Due to current unreliable sources of imported natural gas, the Jordanian government had considered securing natural gas supplies from its neighbors. Last week, Iraq approved a memorandum of understanding that spells out the terms for a natural gas pipeline to the port of Aqaba.
The Jordanian Energy Ministry said officials are expected to have meetings in July geared toward technical reviews of the project, The Jordan Times reports.
The newspaper adds that the project won't solve Jordan's immediate energy concerns. The pipeline from Iraq could take five years to build.
Amman this week sent a delegation to Qatar to push for a bilateral natural gas deal to secure alternate supplies.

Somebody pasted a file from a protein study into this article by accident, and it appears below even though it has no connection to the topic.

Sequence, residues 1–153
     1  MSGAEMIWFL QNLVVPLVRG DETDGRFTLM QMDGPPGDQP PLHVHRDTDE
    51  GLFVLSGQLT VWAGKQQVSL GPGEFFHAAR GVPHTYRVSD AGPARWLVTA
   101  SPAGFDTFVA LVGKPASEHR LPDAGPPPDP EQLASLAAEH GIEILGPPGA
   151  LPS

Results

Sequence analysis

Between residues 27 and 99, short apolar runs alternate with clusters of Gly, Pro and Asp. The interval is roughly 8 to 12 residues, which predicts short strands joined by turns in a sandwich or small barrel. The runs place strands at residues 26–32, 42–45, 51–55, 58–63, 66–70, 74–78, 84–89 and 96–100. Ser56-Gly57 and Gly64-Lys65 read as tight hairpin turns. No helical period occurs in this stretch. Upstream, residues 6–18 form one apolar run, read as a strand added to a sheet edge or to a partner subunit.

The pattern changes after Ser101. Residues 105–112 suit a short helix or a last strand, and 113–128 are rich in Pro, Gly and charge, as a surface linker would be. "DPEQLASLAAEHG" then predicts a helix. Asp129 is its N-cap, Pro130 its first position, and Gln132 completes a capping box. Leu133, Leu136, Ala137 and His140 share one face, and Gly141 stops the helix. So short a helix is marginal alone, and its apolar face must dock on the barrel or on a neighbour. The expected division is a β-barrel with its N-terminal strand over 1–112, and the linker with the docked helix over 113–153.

Utility companies in Jordan warned that power cuts may be in the forecast during the summer months in part because of problems with natural gas supplies from Egypt.
An April attack on a pipeline in the Sinai Peninsula disrupted gas supplies from Egypt to Israel and Jordan for the 14th time since the Egyptian revolution in early 2011.
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